Watch now: Eureka High grad learns the ropes at sea | Local education

Macy Littell, a junior from Wellesley College, shares her month-long experience on a sailing research vessel last semester.



GOODFIELD – If anyone in Woodford County needs to know how to navigate and navigate a 130ft tall ship using the stars, look no further than Macy Littell. It can also help them save coral reefs and introduce them to a myriad of types of plankton.

Some of his advice may sound like it came straight out of “Moby Dick”.

“It’s something I feel connected to now – the old sailboat literature,” she said.

A native of Goodfield and now a junior at Wellesley College in Massachusetts, Littell spent his fall semester learning and researching plankton in the Caribbean across Association for sea education Semester.






Macy Littell, a native of Goodfield, works in the lab aboard the SSV Corwith Cramer while at sea in the fall as part of the Semester of the Sea Education Association program.


PHOTO PROVIDED


Littell learned to do all of this aboard the SSV Corwith Cramer, one of SEA Semester’s two research vessels. The “SSV” stands for “Sailing school ship”. The program describes the ship, named after the program founder, as the first research vessel of its kind with a brigantine sail arrangement.

The SEA semester offers college students programs that allow them to take a “study abroad” program but at sea. The first half of the semester was held in Woods Hole, Mass., Also the location of the SEA. ‘a leading marine science and engineering research laboratory, the Woods Hole Oceanographic Institution. The second half of the semester, from November 23 to December 23, took place at sea.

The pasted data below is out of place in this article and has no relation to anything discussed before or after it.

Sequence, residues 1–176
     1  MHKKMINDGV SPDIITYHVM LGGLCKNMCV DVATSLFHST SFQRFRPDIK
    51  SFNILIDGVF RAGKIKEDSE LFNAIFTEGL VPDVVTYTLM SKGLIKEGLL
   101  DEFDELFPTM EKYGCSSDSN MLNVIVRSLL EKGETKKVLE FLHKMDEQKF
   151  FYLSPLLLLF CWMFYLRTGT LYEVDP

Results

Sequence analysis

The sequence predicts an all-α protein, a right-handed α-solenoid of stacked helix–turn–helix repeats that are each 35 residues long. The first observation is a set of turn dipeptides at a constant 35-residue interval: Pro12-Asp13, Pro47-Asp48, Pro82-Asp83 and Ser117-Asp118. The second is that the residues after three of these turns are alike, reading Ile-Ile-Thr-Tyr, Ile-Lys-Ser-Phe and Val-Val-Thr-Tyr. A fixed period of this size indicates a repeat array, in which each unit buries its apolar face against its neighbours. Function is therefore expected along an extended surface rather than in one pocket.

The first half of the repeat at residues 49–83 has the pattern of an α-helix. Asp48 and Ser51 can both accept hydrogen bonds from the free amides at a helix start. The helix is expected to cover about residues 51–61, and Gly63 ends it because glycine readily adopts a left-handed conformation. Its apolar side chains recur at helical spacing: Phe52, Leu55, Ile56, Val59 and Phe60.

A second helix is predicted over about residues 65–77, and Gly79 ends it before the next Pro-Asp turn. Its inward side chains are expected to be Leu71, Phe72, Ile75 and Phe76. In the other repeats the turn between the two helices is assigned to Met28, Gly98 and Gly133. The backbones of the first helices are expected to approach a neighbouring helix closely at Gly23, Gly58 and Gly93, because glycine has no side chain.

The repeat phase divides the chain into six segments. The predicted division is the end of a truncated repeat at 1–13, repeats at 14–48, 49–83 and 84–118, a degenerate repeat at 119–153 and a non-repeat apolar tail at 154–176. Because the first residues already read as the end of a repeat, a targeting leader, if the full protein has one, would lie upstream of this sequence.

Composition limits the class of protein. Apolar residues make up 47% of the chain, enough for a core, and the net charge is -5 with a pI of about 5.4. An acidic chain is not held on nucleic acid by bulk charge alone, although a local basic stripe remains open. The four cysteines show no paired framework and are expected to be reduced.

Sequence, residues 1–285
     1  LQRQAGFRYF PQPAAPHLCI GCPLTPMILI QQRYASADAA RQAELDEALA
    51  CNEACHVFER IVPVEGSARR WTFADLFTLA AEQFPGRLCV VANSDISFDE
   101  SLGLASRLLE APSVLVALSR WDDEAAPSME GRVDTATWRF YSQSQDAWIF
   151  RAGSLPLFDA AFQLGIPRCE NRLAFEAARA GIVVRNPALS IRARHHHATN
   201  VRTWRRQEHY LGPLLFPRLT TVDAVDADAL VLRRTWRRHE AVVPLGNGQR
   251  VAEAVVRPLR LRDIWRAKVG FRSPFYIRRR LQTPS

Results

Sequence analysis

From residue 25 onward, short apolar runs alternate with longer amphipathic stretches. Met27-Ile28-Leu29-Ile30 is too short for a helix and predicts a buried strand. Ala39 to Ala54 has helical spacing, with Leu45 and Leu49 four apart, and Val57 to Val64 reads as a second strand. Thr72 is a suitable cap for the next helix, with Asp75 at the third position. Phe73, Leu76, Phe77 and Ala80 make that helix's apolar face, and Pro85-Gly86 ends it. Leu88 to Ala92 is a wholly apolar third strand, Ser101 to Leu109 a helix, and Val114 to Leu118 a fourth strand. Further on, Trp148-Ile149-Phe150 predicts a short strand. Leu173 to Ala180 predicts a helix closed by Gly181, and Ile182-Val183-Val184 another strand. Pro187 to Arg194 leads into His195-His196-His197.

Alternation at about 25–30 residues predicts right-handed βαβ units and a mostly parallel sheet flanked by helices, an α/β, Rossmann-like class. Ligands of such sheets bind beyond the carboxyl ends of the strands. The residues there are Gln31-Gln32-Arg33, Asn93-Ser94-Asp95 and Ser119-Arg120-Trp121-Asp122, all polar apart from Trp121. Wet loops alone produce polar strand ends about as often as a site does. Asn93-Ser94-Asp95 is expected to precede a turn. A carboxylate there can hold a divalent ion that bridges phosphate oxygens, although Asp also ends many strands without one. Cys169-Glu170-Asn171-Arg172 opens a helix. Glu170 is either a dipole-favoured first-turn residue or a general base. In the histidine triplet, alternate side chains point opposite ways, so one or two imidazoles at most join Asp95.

Three weeks of them were spent without docking in a port, she said. The course took them from the US Virgin Islands to the south along the line of the Caribbean islands that extend to the Venezuelan coast and then return.






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Littell studies plankton in coral reefs versus plankton on the high seas.


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Have a good trip

The trip was a whole new experience for Littell. She recalls that in college she was told that it was impossible for her, as a person who grew up in Illinois, to seriously pursue marine biology. When it came time to choose a college, she knew she wanted a place that would give her those kinds of opportunities, and she found it in Wellesley.

She had worked in labs at Wellesley before doing the SEA semester, but these were mostly animal care labs, she said. On board the Corwith Cramer, each student had their own research project. Littell has studied the differences between plankton on reefs and plankton on the high seas.

The ship had a full lab, but it uses space in a very different way than how a land lab with room to expand would. Ships and sailors need to be extremely good at two things, Littell said: saving space and keeping things in place.

“Everything is very narrow, there is a lot of conservation of space,” she said.

Along with his individual project, Littell also helped take surveys of the reefs, where they counted the number of fish, corals and other invertebrates they found. They would also be looking for the disease of rocky coral tissue loss, which has spread to the area.






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The arc of SSV Corwith Cramer points to a rainbow.


PHOTO PROVIDED


“Part of our job was to share with the government and the University of the Virgin Islands where we saw it,” she said.